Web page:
Of all the Founding Fathers Benjamin Franklin is the most puzzling, the most difficult to understand and explain. He is a bundle of contradictions. At one and the same time he seems to be the most American and the least American of the Revolutionary leaders. He is the classic American success story, the prototypal self-made man, rising from obscure origins to great preeminence. He began as a printer’s apprentice, the son of an insignificant tallow chandler and soapmaker, and became so rich and successful as a publisher of newspapers and books that he could retire at the age of forty-two. Despite his dramatic rise, however, he seems to later generations never to have shed his lowly origins. Of all the Founding Fathers he seems the most folksy, the most popular, the one with the greatest common touch. Ordinary Americans today seem to be able to identify with him in a way they cannot with Washington or Jefferson. He remains the most rustic, bourgeois, and democratic of the Founders.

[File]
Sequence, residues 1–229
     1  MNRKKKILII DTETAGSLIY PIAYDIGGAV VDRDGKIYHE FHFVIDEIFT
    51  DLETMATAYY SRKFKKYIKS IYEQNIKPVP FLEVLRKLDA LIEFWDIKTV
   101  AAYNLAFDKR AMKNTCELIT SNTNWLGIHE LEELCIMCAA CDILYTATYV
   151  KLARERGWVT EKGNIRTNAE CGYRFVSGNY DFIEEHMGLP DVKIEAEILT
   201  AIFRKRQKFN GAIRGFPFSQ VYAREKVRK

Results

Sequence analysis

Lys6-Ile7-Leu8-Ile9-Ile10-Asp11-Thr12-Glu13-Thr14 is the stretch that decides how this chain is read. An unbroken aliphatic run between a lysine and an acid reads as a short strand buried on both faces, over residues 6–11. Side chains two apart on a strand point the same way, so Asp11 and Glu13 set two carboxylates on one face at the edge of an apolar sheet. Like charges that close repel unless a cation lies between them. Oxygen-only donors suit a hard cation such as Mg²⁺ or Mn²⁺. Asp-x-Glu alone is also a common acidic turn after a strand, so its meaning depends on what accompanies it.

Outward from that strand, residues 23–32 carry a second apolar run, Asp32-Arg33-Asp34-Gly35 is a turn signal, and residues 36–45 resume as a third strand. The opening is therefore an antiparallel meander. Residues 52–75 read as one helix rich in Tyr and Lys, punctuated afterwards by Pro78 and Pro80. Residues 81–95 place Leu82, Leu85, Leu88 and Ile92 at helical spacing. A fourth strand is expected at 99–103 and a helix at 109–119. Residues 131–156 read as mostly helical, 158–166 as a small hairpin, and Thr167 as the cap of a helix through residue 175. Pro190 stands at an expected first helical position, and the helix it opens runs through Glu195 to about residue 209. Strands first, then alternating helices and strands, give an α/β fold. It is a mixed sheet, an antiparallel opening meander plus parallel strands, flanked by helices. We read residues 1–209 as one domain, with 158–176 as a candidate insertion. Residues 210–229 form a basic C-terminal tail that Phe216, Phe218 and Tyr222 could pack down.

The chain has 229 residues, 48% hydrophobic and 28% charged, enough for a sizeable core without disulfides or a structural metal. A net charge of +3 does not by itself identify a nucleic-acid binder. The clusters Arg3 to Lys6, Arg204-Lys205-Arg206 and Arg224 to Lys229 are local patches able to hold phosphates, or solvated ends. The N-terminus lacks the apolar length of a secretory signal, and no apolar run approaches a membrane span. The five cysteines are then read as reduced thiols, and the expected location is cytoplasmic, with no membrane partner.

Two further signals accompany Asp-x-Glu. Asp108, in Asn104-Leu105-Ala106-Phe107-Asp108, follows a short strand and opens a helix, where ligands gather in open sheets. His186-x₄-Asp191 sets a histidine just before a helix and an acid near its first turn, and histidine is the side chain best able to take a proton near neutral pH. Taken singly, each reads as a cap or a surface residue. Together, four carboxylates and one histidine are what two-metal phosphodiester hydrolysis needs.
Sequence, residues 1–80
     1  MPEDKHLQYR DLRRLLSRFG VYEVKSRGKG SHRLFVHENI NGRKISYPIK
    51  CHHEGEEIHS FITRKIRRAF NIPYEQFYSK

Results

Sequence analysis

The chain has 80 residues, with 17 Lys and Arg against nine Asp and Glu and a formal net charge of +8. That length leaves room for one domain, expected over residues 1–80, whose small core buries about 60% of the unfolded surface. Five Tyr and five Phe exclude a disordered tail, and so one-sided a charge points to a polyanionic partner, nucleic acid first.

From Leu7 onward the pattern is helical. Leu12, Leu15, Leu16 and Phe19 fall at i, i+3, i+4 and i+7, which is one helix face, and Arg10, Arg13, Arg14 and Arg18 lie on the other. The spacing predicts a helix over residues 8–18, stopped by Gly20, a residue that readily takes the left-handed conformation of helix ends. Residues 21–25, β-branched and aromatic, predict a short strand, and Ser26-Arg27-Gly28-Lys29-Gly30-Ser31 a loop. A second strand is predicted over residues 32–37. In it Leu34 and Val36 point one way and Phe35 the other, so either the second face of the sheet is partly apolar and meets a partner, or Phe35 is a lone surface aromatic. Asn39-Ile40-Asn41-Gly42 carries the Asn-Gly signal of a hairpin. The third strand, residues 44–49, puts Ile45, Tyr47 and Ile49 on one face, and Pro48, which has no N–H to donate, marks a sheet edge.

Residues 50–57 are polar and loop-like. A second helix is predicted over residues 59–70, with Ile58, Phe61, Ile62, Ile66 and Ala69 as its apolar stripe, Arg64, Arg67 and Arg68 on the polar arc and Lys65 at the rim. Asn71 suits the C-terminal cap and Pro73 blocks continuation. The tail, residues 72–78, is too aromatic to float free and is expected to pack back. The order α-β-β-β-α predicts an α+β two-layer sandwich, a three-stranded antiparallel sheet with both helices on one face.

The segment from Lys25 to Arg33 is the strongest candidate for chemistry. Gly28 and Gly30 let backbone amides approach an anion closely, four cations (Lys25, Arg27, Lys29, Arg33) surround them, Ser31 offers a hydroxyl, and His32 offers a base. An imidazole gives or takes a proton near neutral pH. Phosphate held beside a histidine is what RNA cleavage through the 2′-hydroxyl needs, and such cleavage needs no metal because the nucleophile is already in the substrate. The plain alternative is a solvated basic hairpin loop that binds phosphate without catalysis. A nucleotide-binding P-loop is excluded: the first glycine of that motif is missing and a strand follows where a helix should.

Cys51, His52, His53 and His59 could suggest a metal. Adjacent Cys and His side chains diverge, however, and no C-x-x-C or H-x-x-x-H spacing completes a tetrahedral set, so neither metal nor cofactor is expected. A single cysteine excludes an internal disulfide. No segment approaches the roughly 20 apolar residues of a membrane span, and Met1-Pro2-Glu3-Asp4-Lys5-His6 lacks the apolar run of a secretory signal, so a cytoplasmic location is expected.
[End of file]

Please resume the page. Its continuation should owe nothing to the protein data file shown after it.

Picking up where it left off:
Yet this homespun, hardworking, prototypal American was at the same time the most European, the most cosmopolitan, the most sophisticated, indeed, the most aristocratic of the Founding Fathers. (In the Constitutional Convention, for example, he proposed that all members of the executive branch in the new federal government serve without pay.) He became an internationally renowned scientist who moved in the highest circles of the British and European nobility. He conversed with kings and even dined with one. He loved England and Europe and spent most of the last thirty-three years of his life living abroad, far away from America. At several points it was doubtful whether he would ever return to America, or wanted to, or even cared much about America.